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RLP-117 118 A
RLP-201R front.jpg
RLP-117 118 back.jpg
RLP-117 118 A.jpg
RLP-117 118 B.jpg

SARAH VAUGHAN, vocals (#1,3,5 and7); accompanied by John Kirby and his orchestra: Clarence Brereton (tp) Buster Bailey (cl) Russell Procope (as) Billy Kyle (p) John Kirby (b) Bill Beason (drs) 

New York; January 9, 1946

JOHN KIRBY and his orchestra (#2, 4, 6 and 8): George Taitt (tp) Buster Bailey (cl) Hilton Jefferson (as) Hank Jones (p) John Kirby (b) Bill Beason(drs)

New York; September 3, 1946


1 It Might as Well Be Spring (2'59") (Hammerstein – Rodgers)

2 Serenade (2'47") (Schubert)

3 I Can Make You Love Me (2'45") (Russell – DeRose)

4 The Peanut Vendor (2'36")(Sunshine – Simons)


5 You Go to My Head (3'01") (Gillespie – Coots)

6 Ripples (2'29") (Jones- Kirby)

7 I'm Scared (2'32") (Leveen – Singer)

8 Sextet from Lucia (2'38") (Donizetti)

(vocals by Sarah Vaugan)

   A simple word like "success" can be a very deceptive one, with a wide range of meanings. Thus, if you start with the statement that SARAH VAUGHAN has achieved great and unusual success as a singer in what is really an amazingly short time, someone is sure to top you with the story of some pop vocalist who made the grade by way of a million-copy record approximately six weeks after the first day she learned how to sign her name to a contract. Which is fine for her, of course, but hardly the same sort of success at all. For the six-week flash is about even money to be forgotten within the year; Sarah is somewhat better than an even bet to be remembered lastingly as one of the very few worthy of being rated a truly important and influential jazz singer.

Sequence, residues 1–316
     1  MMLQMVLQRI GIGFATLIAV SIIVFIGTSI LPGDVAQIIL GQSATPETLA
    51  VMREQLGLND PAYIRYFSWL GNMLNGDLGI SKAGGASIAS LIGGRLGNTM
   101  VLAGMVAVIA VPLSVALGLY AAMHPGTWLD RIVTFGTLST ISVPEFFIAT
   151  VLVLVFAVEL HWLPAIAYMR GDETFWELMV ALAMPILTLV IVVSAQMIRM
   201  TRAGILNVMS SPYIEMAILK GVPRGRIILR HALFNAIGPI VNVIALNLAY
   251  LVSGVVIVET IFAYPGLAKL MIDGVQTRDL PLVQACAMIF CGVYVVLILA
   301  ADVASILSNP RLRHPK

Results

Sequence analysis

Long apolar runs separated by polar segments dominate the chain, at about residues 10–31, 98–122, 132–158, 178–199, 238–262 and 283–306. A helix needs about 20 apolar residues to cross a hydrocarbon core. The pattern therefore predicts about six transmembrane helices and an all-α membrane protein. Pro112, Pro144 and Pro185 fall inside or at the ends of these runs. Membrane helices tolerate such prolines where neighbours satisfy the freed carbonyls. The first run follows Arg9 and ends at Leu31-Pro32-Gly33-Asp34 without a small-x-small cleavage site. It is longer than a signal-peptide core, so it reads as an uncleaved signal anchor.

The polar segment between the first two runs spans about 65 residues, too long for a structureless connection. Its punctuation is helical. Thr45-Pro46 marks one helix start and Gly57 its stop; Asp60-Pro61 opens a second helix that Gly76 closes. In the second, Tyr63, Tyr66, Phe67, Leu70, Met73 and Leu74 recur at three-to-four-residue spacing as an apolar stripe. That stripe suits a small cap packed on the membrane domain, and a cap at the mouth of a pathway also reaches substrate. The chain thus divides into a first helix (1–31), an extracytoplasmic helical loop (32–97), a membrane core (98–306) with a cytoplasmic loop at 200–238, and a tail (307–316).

The vocals included on this LP - four of the numbers are turned over virtually completely to the Vaughan voice - belong to the very early days of her career. These and a few other records made at roughly this time were the first concrete evidence of her considerable talents. They were, quickly, enough to convince the jazz world - that here was natural, a girl who sang with a true musician's feeling.